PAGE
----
Recently I read a magazine article where the editor spoke about the “drunken monkey syndrome.” At first, I thought it was amusing but as I read about her daily issues, I realized it is real and a truly negative effect of the pandemic that affects all of us. To be sure, the drunken monkey syndrome is a catchy phrase that describes anxiety.
The noise all around us during the pandemic has been deafening. We have been bombarded by negative news stories. The Big Lie continues. We have endured racial and political uprisings, a stressful election, unrelenting death and illness from Covid-19, the economic fallout of a global pandemic, and the views and news we hear and read of the Coronavirus itself throughout the world. Our fellow citizens have suffered as many of us have suffered. People are now living in their cars and trucks, or homeless on the streets. In Denver, where I live, the city has identified safe parking zones where people who live in their cars can be safe at night while the lot is patrolled by local police. People cannot pay rent and the cars lined up for food distribution are miles long in some cities. It is a sad day when you are unable to put food on the table for your family or a roof over their heads. People are still struggling, and the economic recovery is lagging. Those lucky enough to have jobs who work from home are also stressed-out teachers to their kids and maybe even simultaneous caregivers for their elder parents. There is indeed a lot of noise in our heads and many reasons to be anxious.
When we lay down at night sometimes our minds have a gazillion competing thoughts, one right after another. This is the drunken monkey syndrome – your mind is on overloads like a monkey swinging from one branch in the tree to another with little thought or effort. Our minds are on overload just as our lives are on overload. Anxiety over the world we live in leads to competing thoughts trying to figure out what might occur next in our lives and in the lives of our loved ones. We remember the news reports where we listened to people defend their anger and speak of hopelessness competing with those who speak of hope and a new dawning.
In my book, One Caregiver’s Journey, I discuss the anxiety of loved ones who are faced with health issues or just the thought of daily living with an aging body. That time seems so far away now and today the pandemic has brought anxiety to all of us in ways that were once foreign. The drunken monkey has become a natural part of our lives and is far too familiar. Seeing all the anger in our midst fuels our anxiety and much of it makes no sense. It is a sad day when everyone feels the need to protect themselves from their neighbor. But our human instinct is that we must protect ourselves and our loved ones.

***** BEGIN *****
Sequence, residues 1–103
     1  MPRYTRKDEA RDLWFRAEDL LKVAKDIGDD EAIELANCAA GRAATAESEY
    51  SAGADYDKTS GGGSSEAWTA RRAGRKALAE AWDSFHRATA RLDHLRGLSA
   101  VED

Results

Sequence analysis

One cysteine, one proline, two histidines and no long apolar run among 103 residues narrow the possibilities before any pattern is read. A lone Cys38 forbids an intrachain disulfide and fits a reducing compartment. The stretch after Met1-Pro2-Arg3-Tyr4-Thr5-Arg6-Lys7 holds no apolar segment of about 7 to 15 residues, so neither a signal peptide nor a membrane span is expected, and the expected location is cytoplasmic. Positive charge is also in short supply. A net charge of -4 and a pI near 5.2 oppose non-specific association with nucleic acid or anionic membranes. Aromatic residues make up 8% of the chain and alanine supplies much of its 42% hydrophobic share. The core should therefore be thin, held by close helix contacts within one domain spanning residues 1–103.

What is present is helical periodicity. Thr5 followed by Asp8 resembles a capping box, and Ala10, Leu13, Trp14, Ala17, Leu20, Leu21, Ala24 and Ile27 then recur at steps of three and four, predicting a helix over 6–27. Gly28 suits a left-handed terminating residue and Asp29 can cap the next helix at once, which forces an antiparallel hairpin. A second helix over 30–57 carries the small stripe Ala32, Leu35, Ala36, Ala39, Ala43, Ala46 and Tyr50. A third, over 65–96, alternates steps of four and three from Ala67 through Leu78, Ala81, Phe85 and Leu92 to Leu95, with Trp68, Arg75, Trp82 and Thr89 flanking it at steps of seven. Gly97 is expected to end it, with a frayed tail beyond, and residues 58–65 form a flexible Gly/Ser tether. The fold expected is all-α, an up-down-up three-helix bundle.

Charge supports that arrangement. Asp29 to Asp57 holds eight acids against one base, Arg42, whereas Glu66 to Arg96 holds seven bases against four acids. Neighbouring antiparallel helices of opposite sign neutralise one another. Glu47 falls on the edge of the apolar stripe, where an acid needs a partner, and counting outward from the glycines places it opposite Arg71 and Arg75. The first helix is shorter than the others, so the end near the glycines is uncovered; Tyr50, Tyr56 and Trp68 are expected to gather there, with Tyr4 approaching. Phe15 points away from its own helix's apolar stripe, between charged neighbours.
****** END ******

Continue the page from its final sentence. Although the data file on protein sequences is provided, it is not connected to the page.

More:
So how do we deal with the drunken monkey inside our heads? We need to relax and know that we can only control what occurs in our lives and that we cannot control what is happening in the world. Yes, you can be the change you want to see but change will be slow. Soon it is our hope to be back living in what we consider a normal world. Lay the drunken monkey down to recover and try to relax as this, too, shall pass. It makes no sense to worry about what you cannot change or worry about what might occur. You cannot predict the future.
Today many states have relaxed mask mandates and are opening business to full capacity. Some people are yet reluctant, and others wait impatiently for the doors to open everywhere. Young people want to go back to nightlife, and everyone wants to fill the stadiums and arenas for sporting events.
Remember to stay connected with those you love it will result in fewer competing thoughts in your head at night. De-clutter your life by keeping what is important, useful, and needed. Donate what you can as one man’s trash is another’s treasure. Stay in a normal routine if possible. Limit how much new you watch and read – this is the single most cause of the drunken monkey syndrome. The fact of the matter is there is nothing we can do to change what is happening across the world or the country. Take it in and let it go. And most of all be grateful. Find gratitude in your life. After a year of living in a global pandemic watching all the failures, suffering, and challenges maybe gratitude should be the new attitude. At some point very soon, we shall lay the drunken monkey down.